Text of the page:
“You must remember this,” the songwriter said, but is it ever that simple? Same for all the admonitions: never to forget. Really, never? Lewis Hyde is back, the wisdom-writer and provocateur, to wonder if we’ve missed the point about memory and forgetting. They’re not opposites, after all, but powers of mind that work in combination, around Civil War history or a failed marriage. Peace of mind comes when people remember the past so carefully they can forget about it. “Unforgotten,” often as not, describes wounds, unpaid bills, grievances crying out to be squared, then let go. “Getting past the past,” Lewis Hyde says, begins with Truth: knowing what happened. Then Justice, meaning right punishment—reparations, if possible. Then Apology, and Forgiveness.
A Brewer, Maine, monument to Joshua Lawrence Chamberlain, Union officer in the Civil War, and a governor of Maine.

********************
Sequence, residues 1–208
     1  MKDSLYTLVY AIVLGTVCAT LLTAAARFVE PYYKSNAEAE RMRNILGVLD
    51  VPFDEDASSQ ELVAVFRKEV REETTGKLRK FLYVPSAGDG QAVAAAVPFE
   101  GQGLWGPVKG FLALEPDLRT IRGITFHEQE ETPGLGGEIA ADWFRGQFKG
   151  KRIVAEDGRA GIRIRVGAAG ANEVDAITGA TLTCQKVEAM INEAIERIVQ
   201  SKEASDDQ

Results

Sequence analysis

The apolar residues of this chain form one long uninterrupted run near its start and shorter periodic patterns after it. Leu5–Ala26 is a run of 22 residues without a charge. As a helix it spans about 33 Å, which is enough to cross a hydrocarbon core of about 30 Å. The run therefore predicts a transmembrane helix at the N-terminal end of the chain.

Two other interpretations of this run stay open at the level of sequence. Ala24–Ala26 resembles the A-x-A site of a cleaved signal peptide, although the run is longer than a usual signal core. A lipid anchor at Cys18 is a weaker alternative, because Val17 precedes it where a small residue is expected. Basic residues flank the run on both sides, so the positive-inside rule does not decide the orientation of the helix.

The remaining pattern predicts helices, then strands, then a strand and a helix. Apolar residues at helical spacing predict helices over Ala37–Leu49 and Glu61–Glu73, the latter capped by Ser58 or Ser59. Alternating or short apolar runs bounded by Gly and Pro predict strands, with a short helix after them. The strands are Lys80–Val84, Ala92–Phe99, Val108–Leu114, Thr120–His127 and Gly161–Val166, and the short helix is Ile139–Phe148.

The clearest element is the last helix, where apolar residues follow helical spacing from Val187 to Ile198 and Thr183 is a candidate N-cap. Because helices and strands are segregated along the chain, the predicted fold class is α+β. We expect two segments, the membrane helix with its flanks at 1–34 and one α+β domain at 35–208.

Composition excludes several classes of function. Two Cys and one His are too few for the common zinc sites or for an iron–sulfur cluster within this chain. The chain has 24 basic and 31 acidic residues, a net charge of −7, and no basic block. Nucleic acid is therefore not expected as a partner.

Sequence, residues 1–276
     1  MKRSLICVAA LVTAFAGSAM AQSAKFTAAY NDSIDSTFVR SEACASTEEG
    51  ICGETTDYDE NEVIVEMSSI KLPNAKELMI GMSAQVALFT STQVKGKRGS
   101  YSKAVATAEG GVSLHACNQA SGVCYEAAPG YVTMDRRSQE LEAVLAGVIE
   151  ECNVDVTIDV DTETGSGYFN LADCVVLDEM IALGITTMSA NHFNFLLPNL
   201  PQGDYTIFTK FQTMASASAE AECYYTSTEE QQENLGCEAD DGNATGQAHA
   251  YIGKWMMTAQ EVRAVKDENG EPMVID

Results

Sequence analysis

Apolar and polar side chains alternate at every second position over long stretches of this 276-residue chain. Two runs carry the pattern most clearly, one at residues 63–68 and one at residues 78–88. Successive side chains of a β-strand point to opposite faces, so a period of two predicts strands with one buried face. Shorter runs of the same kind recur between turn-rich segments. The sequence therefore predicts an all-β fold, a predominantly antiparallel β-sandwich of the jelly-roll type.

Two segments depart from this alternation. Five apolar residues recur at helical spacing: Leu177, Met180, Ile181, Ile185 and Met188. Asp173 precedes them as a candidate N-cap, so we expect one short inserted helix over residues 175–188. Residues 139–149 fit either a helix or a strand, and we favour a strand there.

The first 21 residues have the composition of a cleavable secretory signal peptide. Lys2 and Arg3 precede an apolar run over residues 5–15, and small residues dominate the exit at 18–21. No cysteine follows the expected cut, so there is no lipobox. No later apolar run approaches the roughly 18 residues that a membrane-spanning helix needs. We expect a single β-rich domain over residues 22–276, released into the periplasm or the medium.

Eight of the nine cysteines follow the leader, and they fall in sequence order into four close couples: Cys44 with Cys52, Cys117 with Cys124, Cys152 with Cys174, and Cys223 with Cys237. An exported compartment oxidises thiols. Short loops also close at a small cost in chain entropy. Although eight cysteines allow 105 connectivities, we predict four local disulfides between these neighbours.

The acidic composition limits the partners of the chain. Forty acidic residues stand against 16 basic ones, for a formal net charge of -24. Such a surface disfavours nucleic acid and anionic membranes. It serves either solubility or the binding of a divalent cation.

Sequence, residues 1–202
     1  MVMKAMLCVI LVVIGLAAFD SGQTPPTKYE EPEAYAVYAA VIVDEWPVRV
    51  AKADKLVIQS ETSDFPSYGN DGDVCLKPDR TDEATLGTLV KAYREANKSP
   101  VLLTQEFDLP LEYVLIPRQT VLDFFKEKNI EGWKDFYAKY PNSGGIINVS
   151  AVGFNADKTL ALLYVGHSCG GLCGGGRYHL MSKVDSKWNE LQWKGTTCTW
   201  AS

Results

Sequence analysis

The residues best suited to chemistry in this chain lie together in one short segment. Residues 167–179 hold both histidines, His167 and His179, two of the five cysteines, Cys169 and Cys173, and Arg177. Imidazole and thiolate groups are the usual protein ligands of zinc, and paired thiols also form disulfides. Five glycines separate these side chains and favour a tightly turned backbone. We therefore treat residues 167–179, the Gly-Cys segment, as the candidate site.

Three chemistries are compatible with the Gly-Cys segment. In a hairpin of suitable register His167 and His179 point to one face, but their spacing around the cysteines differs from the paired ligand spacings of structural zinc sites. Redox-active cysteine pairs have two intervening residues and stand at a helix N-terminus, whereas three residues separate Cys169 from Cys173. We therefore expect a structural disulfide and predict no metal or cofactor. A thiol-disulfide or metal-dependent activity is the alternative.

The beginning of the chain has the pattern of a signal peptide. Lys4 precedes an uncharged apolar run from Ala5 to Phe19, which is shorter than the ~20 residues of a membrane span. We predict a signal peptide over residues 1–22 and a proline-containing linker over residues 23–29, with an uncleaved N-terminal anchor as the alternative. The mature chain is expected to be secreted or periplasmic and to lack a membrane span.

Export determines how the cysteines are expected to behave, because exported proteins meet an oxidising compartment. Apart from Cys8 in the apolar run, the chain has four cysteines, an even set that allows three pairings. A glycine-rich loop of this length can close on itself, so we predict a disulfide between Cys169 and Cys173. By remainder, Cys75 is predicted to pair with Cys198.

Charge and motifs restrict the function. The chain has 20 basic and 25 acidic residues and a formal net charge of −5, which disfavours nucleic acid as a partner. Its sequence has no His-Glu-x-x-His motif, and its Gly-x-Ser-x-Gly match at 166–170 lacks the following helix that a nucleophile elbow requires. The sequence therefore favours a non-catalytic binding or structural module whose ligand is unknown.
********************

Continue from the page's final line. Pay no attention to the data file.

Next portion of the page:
Irish Alzheimer’s, in the old joke, is ascribed to people who can’t remember anything but their grudges. It’s a sort of kernel of Lewis Hyde’s new and ecstatic survey of our ancient fascination with memory and forgetting. The new book from this prized writer is A Primer for Forgetting: Getting Past the Past. Memory and Forgetting are a fluid pair, it turns out, twin capacities, not opposites, and usually not a contradiction. [The aphorism that leads Lewis Hyde’s long list is this: “Every act of memory is an act of forgetting.”] The issue between the two is when to let go. Some parts of our past—individual and communal—need to be remembered so they can be forgotten. Others need to be forgotten so they can reappear, unbidden, whole and possibly healed. This bears on the scars of childhood trauma and on what to do with all those statues of Confederate generals standing tall across the American South. Lewis Hyde composed this book from years of notes, as a thought experiment. He wanted to nominate places where forgetting is better than remembering.
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